It was always dark in the deep clefts between the buildings of the Tangle. Only the Spokes were well illuminated during nightfall, from both the gaudy shops lining its edges and from the eternal, dazzling beam of energy and data that streamed into space from Pinnacle City atop the Spire. What happened to that enigmatic beam after leaving the Earth, Martos didn’t know. For Citizens it was one of the constants of life, like the sun passing overhead and the annual Lottery. Few spoke of it. It was no different for Martos. There’d never been a day in his relatively short life when that ghostly beam was not piercing the sky.

He looked at his chronometer and could just make out the time from the dim glow of the transfer station lights high above him. Eight o’clock.

She should have been here by now.

Waiting for Taria was excruciating. He’d been lurking in the shadows at the base of the buttress for almost an hour, trying his best to avoid the crowds and making eye contact with no one. Another mag-train hummed away from the station and its former occupants streamed down the switchback ramps and stairs toward the streets. He’d lost count of how many trains he’d seen come and go during his wait. Maybe Taria couldn’t find him in the shadows amongst the throng.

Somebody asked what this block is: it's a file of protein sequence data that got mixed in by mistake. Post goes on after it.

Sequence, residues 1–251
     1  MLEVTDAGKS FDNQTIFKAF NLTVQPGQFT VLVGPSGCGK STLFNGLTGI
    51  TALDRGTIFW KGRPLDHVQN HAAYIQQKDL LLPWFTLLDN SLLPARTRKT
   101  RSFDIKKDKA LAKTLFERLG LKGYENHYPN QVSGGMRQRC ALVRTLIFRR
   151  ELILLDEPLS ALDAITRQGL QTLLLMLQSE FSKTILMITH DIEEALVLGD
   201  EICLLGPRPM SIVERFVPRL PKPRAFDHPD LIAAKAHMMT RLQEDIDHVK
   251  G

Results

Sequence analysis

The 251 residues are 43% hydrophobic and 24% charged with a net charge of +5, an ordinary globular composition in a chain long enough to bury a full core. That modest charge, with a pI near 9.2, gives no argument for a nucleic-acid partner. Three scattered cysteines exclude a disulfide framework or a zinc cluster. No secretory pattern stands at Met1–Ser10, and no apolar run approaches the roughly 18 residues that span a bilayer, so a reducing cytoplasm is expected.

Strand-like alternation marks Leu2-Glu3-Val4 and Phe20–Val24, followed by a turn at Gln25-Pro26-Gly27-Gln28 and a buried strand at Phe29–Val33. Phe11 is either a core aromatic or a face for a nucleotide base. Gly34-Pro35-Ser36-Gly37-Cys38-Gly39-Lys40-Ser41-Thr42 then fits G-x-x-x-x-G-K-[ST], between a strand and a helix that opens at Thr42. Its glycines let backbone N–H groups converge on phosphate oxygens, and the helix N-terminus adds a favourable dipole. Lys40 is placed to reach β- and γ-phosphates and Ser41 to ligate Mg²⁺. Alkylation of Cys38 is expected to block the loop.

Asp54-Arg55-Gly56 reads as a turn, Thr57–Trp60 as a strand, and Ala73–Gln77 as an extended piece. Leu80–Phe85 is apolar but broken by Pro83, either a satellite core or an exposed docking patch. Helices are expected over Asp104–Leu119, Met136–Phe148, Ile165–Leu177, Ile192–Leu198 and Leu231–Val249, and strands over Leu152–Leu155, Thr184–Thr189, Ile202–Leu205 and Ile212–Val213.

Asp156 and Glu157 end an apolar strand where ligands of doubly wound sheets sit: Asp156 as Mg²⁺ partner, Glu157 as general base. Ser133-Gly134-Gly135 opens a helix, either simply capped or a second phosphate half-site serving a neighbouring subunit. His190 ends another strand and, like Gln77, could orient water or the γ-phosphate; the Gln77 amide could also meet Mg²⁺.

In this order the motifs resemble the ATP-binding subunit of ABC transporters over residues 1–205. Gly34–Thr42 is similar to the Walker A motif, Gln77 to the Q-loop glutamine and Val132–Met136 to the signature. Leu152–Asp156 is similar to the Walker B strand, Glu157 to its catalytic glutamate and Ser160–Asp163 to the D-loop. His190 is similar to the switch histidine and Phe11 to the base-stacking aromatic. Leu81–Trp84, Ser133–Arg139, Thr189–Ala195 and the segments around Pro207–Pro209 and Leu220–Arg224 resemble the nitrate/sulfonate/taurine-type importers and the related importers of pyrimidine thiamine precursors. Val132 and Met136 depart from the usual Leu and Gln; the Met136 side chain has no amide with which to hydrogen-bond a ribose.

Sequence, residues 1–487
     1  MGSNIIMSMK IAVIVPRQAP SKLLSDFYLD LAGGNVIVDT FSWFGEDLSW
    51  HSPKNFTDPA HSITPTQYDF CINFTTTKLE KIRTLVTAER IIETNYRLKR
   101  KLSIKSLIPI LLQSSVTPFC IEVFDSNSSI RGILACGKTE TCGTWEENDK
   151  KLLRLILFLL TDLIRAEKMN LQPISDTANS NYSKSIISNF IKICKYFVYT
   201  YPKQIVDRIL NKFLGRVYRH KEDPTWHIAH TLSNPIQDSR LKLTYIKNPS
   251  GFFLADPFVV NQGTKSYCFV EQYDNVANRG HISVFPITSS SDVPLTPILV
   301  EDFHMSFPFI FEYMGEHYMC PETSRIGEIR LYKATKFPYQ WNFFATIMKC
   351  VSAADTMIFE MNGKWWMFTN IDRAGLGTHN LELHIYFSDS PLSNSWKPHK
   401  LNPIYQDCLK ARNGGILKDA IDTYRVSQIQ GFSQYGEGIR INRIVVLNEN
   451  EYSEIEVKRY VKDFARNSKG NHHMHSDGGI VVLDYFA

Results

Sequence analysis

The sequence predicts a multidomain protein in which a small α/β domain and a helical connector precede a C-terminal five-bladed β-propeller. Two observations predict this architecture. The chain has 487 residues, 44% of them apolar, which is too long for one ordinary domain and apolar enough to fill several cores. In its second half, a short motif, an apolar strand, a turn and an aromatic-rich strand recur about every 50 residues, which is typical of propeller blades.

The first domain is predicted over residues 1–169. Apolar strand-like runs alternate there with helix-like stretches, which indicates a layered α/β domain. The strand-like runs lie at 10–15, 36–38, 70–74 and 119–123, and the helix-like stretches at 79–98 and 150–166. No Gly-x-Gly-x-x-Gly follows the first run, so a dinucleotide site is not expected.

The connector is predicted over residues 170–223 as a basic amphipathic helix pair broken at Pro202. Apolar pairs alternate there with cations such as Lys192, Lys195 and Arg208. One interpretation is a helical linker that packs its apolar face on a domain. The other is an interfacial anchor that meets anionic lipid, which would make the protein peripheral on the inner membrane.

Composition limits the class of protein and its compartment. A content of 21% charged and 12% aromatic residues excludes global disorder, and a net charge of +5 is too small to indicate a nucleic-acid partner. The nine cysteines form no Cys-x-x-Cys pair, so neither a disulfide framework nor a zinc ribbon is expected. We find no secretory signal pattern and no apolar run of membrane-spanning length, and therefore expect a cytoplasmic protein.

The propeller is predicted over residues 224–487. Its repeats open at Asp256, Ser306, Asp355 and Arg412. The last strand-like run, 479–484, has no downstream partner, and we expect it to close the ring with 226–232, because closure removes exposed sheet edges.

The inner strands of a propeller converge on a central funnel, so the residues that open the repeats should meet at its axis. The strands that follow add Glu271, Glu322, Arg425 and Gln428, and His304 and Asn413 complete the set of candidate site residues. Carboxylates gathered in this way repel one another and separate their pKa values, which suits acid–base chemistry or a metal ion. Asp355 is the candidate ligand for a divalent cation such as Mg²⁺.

As he was still looking up at the distant station, he felt a bump on his right arm and looked with a start to see his beautiful, black haired Taria standing in the shadows next to him.

How the hell did she sneak up on me?

Taria dropped the overstuffed bags hanging from each shoulder and flung herself into Martos’ arms. They hugged silently and passionately as Citizens shuffled through the twilight darkness in their never-ending calls of duty and obligation, oblivious to the Uncitizen standing in their midst.

“Are you alright?” Taria inquired as she unfolded from his arms and cradled his face in her cold hands.

“Nothin’ a year in the tropics wouldn’t fix,” he said, reaching up and taking her hands in his.